Reframe and conquer office politics

Kyle began our phone call by sharing his frustration. “I hate politics at my company,” he said. “The only projects that are carried out are those sponsored by the ‘pets’ of the president of the company. The value of the project does not matter; it’s about who you know. I do a great job, and that should be enough.” He could hear the anger in his voice. “I’m no good at playing the game, and I won’t!”

By far one of the biggest challenges my clients face is office politics. People constantly ask me, “How can I influence decisions in my workplace when I don’t have the influence or authority to do what I need to do?”

Time and time again, Kyle’s ideas had been passed over because he wasn’t part of the “in” crowd. So we spent the session with him talking about his options. I suggested that he reformulate the problem to increase his chances of success.

Remove the negative charge. When you think of “office politics,” does your stomach clench and your teeth clench? The first step to dissipating tension is to think about it in a less negative way. Dealing with people is part of your job, neither negative nor positive. It simply is.

rename it. Instead of calling it “office politics,” look at it as “relationship building.” Look around your company and see who the key decision makers are. Don’t limit yourself to your own department; cast the widest net. What interesting things are these people doing that you could learn from? Make a list of the people you would like to connect with.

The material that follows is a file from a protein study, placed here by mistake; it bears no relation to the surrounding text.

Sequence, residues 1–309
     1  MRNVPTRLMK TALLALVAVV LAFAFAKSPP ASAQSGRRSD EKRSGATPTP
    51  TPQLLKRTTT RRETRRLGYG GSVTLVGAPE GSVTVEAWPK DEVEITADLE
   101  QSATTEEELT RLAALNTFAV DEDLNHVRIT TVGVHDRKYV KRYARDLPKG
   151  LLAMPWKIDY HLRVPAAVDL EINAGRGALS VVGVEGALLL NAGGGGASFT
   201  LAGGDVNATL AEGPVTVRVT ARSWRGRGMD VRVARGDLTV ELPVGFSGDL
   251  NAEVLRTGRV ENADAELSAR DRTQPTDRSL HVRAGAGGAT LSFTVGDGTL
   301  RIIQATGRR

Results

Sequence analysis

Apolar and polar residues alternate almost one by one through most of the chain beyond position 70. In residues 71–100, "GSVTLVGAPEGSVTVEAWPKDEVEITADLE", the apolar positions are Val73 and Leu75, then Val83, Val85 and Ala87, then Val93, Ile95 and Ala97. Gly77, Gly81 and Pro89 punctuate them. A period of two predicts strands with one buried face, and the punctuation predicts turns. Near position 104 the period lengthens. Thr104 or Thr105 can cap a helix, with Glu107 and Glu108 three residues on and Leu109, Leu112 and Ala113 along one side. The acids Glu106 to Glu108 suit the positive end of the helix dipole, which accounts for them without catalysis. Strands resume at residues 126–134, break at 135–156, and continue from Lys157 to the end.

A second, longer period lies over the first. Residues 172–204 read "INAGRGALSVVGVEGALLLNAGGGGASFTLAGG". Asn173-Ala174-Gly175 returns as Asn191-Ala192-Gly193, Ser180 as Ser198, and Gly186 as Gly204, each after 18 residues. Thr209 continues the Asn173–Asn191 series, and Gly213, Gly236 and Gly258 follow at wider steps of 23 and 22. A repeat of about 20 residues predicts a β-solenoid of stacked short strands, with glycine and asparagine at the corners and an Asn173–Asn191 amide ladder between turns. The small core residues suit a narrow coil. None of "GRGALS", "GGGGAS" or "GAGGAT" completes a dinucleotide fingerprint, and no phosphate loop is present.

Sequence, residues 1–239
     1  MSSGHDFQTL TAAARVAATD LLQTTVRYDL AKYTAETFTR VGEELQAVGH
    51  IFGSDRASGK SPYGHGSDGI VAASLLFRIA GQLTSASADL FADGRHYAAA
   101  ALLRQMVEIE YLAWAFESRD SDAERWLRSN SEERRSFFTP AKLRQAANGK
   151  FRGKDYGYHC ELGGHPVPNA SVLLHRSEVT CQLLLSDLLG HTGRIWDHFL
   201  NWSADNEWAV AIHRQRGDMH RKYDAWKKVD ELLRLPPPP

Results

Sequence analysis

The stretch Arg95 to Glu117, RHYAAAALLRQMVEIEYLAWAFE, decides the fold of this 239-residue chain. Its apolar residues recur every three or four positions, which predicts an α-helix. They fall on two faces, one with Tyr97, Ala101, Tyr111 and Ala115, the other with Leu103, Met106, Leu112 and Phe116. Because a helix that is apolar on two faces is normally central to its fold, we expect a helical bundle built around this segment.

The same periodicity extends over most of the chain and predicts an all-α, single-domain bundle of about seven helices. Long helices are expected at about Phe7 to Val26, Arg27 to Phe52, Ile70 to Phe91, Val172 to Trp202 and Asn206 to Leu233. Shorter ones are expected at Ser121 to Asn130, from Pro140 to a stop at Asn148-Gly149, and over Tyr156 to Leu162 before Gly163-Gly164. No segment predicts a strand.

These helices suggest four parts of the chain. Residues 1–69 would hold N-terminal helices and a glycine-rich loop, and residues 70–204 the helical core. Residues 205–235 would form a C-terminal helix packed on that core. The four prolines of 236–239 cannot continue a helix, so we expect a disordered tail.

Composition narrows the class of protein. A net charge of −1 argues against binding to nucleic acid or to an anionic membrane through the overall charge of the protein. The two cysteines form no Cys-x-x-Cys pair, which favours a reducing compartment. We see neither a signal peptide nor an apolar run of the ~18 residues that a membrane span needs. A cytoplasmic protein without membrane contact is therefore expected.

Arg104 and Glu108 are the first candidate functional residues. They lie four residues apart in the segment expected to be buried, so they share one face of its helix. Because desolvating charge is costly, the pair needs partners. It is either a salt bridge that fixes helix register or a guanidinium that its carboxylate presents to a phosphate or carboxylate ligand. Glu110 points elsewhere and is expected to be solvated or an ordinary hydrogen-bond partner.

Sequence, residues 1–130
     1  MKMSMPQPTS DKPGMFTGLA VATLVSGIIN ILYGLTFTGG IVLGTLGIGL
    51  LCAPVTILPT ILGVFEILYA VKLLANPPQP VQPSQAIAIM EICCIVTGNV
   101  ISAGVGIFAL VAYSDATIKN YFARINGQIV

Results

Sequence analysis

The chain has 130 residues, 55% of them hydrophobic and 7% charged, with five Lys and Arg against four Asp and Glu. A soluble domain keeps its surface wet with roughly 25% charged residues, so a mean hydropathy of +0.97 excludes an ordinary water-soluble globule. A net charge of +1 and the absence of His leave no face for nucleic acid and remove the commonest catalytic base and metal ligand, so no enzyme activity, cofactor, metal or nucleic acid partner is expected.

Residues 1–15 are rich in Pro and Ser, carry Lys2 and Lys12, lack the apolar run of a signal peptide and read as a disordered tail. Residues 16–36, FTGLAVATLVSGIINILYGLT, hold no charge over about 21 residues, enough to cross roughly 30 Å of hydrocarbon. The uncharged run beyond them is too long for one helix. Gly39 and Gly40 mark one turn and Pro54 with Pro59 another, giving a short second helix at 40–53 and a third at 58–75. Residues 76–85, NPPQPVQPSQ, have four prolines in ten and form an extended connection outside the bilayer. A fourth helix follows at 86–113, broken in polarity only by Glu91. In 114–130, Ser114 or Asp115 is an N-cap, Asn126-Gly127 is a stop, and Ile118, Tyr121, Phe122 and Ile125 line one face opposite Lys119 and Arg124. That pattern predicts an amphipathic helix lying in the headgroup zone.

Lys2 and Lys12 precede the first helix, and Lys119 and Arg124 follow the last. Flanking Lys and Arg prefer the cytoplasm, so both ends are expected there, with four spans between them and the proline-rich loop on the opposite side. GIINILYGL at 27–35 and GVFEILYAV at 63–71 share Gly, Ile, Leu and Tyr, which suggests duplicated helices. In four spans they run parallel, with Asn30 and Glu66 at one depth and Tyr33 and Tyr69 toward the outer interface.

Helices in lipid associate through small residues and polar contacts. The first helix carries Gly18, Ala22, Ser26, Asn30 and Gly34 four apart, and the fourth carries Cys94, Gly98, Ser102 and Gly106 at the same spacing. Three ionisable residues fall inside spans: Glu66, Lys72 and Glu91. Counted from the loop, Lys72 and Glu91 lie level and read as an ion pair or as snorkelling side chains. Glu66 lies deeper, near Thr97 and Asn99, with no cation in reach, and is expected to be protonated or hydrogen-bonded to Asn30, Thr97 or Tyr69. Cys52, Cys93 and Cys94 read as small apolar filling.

To take action. The reason the president gives projects to people he knows and likes is for exactly that reason: he has a relationship with them. Contact the people on his list, one by one. Drop by their offices. Invite them over for coffee or lunch.

Get out there. Gone are the days when you would be rewarded just for keeping your head down and doing a good job. You need to get out there, promote yourself, mix it up. Participate in the office culture. Consider it an unreported part of your job description.

To be prepared. People love to share their stories, so give them that opportunity. Prepare for your conversation with each person: ask questions about their work projects and how they might relate to what you do. Ask for advice and listen. Let them do most of the talking. Then think about how you can help them with something they are working on now. Remember, you are building a relationship and you want to be seen as a collaborator, not a competitor. Follow up with a thank you note and plan your next meeting with this person.

Let go of the judgments of the past. Walk into every encounter leaving your story at the door. Don’t hold past injustices over the heads of your co-workers. Be open to anything good that can come out of this interaction.

Shortly after our call, Kyle began working on an action plan to reach people at his company. He now has the rhythm of holding two relationship-building meetings a week. As a result:

• Kyle’s manager invited him to join a cross-functional team after two other VPs pointed out that Kyle’s enthusiasm would be a great asset.

• Kyle’s request to expand his own team was approved when he made a strong case based on information he gained from his expanding network of relationships.

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